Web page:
But that same week, InfoWorld‘s Neil McAllister took issue with the entire premise, first challenging Matloff’s use of the word “most.” (“If that’s true, where do they go? Is there some Island of Misfit Programmers, where we send the burned-out, broken-down models to expire gracefully, out of sight of their younger brethren? Or do they get their real estate licenses?”)
Instead, McAllister believes that beyond the middle-aged programmers who carve out specialized niches, there are many others who go on to become founders. Even those who switch to life as a programming contractor could be undercounted in official statistics.
And then there are those who end up straddling the line between programmer and manager. (What about programmers who become project managers, or the team leads wearing both hats?) “Graduating to a management position on a software development team doesn’t mean you’ve given up being a software engineer.
“Depending on how the statistics were compiled, however, it might look that way.”
And while it may indeed take older programmers longer to find a job, maybe that statistic isn’t telling us what we think it is, McAllister wrote: “Perhaps mature workers take longer to find new jobs because their standards are higher?”
Ultimately he pointed out that there’s also just the widespread empirical evidence: All those programmer friends he had who were over the age of 40.
His biggest concern was that misrepresenting the longevity of a programming career might discourage the young coders that the industry will one day need.
New Challenges Daily
Yet the question comes up again and again, in all of its various iterations. How about 40, asked one Quora user more recently. “Is software development really a dead-end job after the age of 40?” Last month came an emphatic answer from Gregory Smith, who writes that he began his career in 1976 at the age of 14, and now, approaching his 60s, is still working as a software engineer/computer scientist at Agile Frontiers. “No. You’re not done at 40,” he wrote.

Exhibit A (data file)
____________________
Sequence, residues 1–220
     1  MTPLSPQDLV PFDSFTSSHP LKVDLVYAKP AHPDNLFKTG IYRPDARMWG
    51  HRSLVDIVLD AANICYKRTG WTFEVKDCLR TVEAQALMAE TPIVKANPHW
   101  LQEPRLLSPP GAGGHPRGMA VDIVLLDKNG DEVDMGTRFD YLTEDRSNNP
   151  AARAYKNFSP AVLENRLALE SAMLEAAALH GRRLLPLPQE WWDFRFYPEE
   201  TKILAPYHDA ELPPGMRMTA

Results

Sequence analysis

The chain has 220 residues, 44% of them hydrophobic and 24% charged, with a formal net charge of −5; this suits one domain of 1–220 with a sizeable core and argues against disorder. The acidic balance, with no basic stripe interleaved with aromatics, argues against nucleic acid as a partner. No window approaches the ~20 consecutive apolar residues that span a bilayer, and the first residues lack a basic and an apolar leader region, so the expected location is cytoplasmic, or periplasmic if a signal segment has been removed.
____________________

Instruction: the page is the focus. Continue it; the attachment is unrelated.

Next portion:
Smith did acknowledge one important caveat. While management tracks have continually ascending ranks, there are just not as many tiers in the world of programming. “Your options for upward mobility decrease rapidly once you become a Technical Lead. Often, it’s management or nothing.”
But that’s not the same thing as a dead end. In January, Rob Neff, a self-described software engineer and science nerd, supplied his own pithy answer. Is software development a dead-end job after 40? “Sure is, if you consider having a six-figure salary with daily challenges ‘a dead-end job.'”
In fact, to ask the question is to miss what’s really behind the statistic, argued software developer Dale Gulledge in January: “The reason there aren’t as many older software developers is simply that there were fewer of us entering the field then.”
The only downside to a lifetime of programming may be the ability to recognize when your company keeps churning through one new solution after another. Eric Litovsky, the CTO for StreamPC, posted in February that “The biggest frustration older engineers like myself encounter is the never-ending influx of new patterns, frameworks and paradigms… when every year we see a new way to solve the same old problems, we ask ourselves what’s the point…?”
But even he sees the value of an ongoing willingness to learn. “There are those who never truly outgrow their passion, though, and I envy them… These are the people who thrive in software development because to the right mindset, it’s a never-ending state of wonder and awe.
“They don’t mind putting in the extra time to learn new tech because they truly enjoy it.”
The New Stack is a wholly owned subsidiary of Insight Partners, an investor in the following companies mentioned in this article: Island.
VMWare is a sponsor of The New Stack.